Unsurprisingly, the 1951 pattern was pretty much the reverse of that for households lacking WCs: the best equipped areas were in the London suburbs, while the worst were either in inner cities or rural areas lacking mains services. By 1971, the very best areas generally contained New Towns, created by the government after World war Two, with all new houses all meeting modern standards: three of the top four were Harlow (99%), Stevenage (98%) and Corby (97%).

By 1981, 95% of households in England and Wales had ‘all amenities’, but in 1991 the requirement for central heating reduced this to 81%, rising to 91% in 2001. The best areas in 2001 were not the most affluent — after all, a bath and central heating do not really define luxurious living — but rather areas with large scale public housing programmes, and few ‘houses in multiple occupation’. The impact of the New Towns programme was still visible: Easington (containing Peterlee), Blyth Valley (Cramlington), Stevenage, West Lothian (Livingston), Basildon, Bracknell Forest, Harlow and Welwyn Hatfield were all in the top fifteen.


10. Uttlesford through time - Roots & Religion  


Attending all churches
total attendences 1851
Attend. all churches 41,780


1851 church ‘attendences’major christian denominations
Baptists 4,109 
Calv. Methodist
C. of England 24,318 
C. of Scotland
Free Presb.
Wesleyan Meth. 639 
Other 12,710


major religious faiths in 2001
Christians 52,838 
Buddhist 157 
Hindu 94 
Jewish 197 
Muslim 290 
Sikh 23 
Other 177 
None 10,474 
Not stated 4,696


This is one of our more unusual themes, because only two censuses have ever gathered information on religion in England and Wales, and they were 150 years apart!

The 1851 Census of Religion was a separate census carried out at the same time as the main Census of Population. It assumed that everyone was Christian, and tried to find out what kind of Christians were most important in each district. It did this by counting how many people attended each church on the census Sunday. Our information has been considerably simplified from the original returns, which counted 35 different religious groups in England and Wales. One result is a large ‘other’ category.

In 2001, a question about religion was included among the questions in the main census for the first time ever. Except in Scotland, where there is separate information on the Church of Scotland, Catholics and ‘Other Christian’, the results lump all Christians together but also gathered information on Buddhists, Hindus, Jews, Muslims and Sikhs. People were allowed to write in other religions not included on the census form, but we have no data on the distribution of ‘Jedi’.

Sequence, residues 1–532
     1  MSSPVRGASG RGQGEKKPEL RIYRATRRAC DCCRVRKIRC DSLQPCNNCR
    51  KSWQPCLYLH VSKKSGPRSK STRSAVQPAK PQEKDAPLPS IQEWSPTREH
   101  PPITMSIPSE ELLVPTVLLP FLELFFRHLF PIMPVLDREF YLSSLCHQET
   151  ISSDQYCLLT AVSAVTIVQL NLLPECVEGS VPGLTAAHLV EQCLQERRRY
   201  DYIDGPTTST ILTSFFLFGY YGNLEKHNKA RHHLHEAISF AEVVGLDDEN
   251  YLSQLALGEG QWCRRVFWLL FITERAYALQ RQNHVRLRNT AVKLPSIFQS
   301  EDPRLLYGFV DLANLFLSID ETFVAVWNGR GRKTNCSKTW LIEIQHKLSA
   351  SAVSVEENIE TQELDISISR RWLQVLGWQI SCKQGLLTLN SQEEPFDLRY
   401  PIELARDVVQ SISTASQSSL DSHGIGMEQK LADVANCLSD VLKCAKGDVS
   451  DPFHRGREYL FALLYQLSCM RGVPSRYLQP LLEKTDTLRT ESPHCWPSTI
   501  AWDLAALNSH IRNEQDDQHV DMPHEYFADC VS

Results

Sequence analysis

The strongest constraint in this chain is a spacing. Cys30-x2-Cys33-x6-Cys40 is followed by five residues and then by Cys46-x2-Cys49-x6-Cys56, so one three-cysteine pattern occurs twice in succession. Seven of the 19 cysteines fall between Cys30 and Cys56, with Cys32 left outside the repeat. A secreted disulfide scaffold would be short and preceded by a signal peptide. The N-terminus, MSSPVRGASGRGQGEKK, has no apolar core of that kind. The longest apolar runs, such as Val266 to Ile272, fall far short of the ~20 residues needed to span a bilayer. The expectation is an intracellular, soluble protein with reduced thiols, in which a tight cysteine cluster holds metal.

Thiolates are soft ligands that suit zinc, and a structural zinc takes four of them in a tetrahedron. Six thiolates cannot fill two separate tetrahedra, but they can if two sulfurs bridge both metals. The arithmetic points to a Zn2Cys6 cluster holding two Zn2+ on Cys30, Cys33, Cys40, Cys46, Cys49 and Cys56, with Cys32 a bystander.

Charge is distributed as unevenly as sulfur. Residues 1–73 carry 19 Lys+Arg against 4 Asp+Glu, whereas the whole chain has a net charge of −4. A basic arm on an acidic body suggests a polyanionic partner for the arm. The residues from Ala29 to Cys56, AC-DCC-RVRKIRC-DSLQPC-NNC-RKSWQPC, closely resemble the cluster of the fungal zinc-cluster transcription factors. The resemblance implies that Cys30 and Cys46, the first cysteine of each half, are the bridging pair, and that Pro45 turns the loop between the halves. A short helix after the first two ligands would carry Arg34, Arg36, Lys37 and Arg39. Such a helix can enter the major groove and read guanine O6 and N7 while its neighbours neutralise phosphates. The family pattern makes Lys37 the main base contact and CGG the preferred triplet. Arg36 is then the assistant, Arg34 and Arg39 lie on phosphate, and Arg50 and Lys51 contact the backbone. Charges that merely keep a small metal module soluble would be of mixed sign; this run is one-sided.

Percentage with No Religion


National here means England and Wales

Given the low numbers actually attending church, it is perhaps surprising that so few claimed they had no religion. Should we conclude from the geographical pattern that the Scots were more godless, or just more honest? Given the small numbers in non-Christian religions, the pattern for ‘no religion’ was largely a mirror image of the pattern for Christians, with lower numbers in the north than the south of England and, perhaps surprisingly, lower numbers in the cities than in rural areas. For what it is worth, the district in Britain with the most non-believers was Aberdeen (42%), and the top seventeen were all in Scotland. The highest rates in England and Wales were Norwich (28%), Brighton and Hove, and Cambridge (both 27%); these are all university towns.


Percentage Christian

National here means England and Wales

Perhaps the most striking finding for 2001 is how many people still described themselves as Christian, over 70% nationally, as compared to 16% claiming ‘none’. The same is true of most individual areas: you have to look hard for the areas where under 50% of the population claim to be Christian, and they are mainly in the large cities. The two lowest percentages are for Tower Hamlets in London (39%) and Leicester (45%), and these figures are explained by concentrations of Muslims and Hindus. The most Christian district in Britain, according to these census figures, was St. Helens in Lancashire (87%).

Percentage Muslim


National here means England and Wales

Muslims were the largest of the non-Christian religions in 2001, but the proportion of the total population may surprise some people: 2.78%. Over two-thirds of them lived in the 44 districts whose populations are over 5% Muslim, and these districts were overwhelmingly urban. The highest proportions were in Tower Hamlets (36%), Newham (24%), Blackburn with Darwen (19%) and Bradford (16%).


Percentage Hindu

National here means England and Wales

Hindus made up 1% of the population. They were strongly concentrated into the Leicester area, where they were 15% of Leicester’s population and 6% of Oadby and Wigston, and parts of London, especially the north-west. The highest rates were in Harrow (20%) and Brent (17%). No area outside London and away from Leicester had over 5% Hindu.

Percentage Buddhist


National here means England and Wales

Buddhists made up a quarter of a per cent of the entire population. They were mainly concentrated into London, but not into any particular part of London.